In several respects, the only two rookies to suit up for Game 1 of the championship series personified the direction that the game took for their teams. It could not be much more contrary than the favorite-underdog status of the contesting parties—for that matter, Saad’s 6’1”, 202-pound posture versus Krug’s 5’9”, 180-pound frame.
Or even, for that matter, the extra demand on Krug that comes with playing depth defense for a consensus underdog that has been cut for first blood in the final series.
The Blackhawks surmounted a 3-1 deficit en route to an eventual 4-3 victory in triple overtime. Along the way, Saad cracked out of a chrysalis in the goal column as old as the 2013 playoffs, while Krug’s night was hardly a full-blooded catastrophe but was a plunge from prior confidence nonetheless.
Krug, who was almost a season-long AHL fixture, fumbled the puck one time too many and, in contrast to the other two rounds he had played in this tournament, paid in the form of the first “minus” game in his NHL playoff career.
Saad entered the series opener with a 0-4-4 scoring log and minus-four rating through 17 playoff outings. He emerged with his first goal and a rating elevated to minus-two.
Krug entered the series opener with a 4-1-5 scoring log and plus-five rating through nine playoff appearances over Boston’s 16-game run to the Eastern Conference title. He finished the night with his rating docked by two points.
Saad gave the Blackhawks a timely breath when they trailed by two goals in the second period. Later on, in the closing frame, so did Krug.
Both freshmen effectively presaged their lasting imprint on the first game during the first period.
Krug, on the one hand, was fortunate not to be charged with a giveaway at the 1:48 mark when Chicago’s Andrew Shaw instead claimed credit for a takeaway. He was even luckier that the Hawks did not muster so much as a shot on goal on that play.
Later, as the Blackhawks pressed in the depths of the Bruins zone, Saad registered a hit at the 2:15 mark, took a pair of wrist shots at Tuukka Rask in the sixth minute and took a pair of hits at 14:23 and 18:11, respectively.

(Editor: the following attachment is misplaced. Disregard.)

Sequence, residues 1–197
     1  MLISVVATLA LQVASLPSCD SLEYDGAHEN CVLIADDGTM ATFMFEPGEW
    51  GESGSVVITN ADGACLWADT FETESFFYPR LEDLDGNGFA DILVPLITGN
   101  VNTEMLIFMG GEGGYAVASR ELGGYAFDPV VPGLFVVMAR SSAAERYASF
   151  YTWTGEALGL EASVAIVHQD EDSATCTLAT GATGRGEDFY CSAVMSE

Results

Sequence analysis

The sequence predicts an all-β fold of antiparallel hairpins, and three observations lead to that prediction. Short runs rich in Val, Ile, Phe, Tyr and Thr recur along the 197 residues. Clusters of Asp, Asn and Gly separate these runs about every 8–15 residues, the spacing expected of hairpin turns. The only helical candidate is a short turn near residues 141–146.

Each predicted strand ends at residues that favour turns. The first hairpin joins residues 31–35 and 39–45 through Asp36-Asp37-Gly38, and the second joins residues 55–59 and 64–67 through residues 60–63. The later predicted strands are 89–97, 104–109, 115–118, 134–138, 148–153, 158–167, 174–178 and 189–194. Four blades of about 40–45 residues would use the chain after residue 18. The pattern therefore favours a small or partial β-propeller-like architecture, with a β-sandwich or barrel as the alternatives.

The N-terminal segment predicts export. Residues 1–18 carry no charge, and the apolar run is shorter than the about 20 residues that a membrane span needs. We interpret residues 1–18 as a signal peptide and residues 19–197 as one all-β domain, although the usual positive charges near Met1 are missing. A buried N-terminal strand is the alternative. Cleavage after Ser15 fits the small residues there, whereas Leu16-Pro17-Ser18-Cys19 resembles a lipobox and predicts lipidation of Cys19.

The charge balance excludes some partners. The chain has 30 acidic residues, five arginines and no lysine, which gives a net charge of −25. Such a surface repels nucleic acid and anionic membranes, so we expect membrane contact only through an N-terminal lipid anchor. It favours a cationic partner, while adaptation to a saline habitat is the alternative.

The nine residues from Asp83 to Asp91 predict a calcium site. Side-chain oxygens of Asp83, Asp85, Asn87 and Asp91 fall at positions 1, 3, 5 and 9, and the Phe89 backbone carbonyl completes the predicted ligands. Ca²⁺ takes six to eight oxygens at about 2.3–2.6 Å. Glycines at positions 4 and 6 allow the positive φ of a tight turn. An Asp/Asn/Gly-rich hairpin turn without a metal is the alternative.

He took one more hit in the fourth minute of the second stanza, and it paid dividends for Saad and Chicago.
Skating the biscuit out of his own end and onto Boston property, Saad accepted a split-second stapling from Dennis Seidenberg along the far wall. Once freed, he attentively floated toward the slot while linemate Marian Hossa lassoed the loose puck in the corner.
Hossa’s lateral-backhand feed found Saad for a nimble snap over Rask’s left shoulder. That hatched an enduring goose egg for the Bruins backstop and for Saad himself while cutting a deficit to 2-1 merely two minutes and 17 seconds after Milan Lucic’s second unanswered goal at the other end.
Within the next two minutes, Krug had one of his better shifts on the night. It consisted of an offensive-zone body check on Shaw at the 4:26 mark and then a successive pair of blocked shots.
But in the eighth minute of the third, neither Krug nor the Bruins could get away with the young blueliner’s blunder sequel from the second minute of the first. With Boston now safeguarding a 3-1 upper hand, Krug once again turned the puck over to Shaw, and this time, he had a giveaway placed on his tab at the 7:57 mark.
Three seconds later, with Dave Bolland converting a feed from Shaw, Krug and the Bruins were also tagged for a goal-against.
Saad was in action when Chicago’s rally continued less than five minutes later with Johnny Oduya’s homeward-bound slapper drawing a 3-3 knot and giving him another plus point.
The polar pattern picked back up when the Blackhawks completed their comeback in sudden death. Krug was left helplessly hanging in front of Rask’s porch when Chicago point patroller Michal Rozsival’s shot ricocheted off of one or more twigs for the winner at 12:08 of the sixth period.
Now the Hawks have the initial lead in the Cup final and, as a bonus, an invigorated young forward who should have a tangible token of confidence going forward. Saad seized several stimulating chances before and after he struck in Game 1, and anything he buries in upcoming action will be a testament to his growth.
Meanwhile, the Bruins are first-time trailers in a series this postseason and their active rookie rearguard needs to shake off his first bout of NHL-level adversity. Krug needs a quick U-turn back in the direction he was initially traveling when he entered the lineup on the fly.
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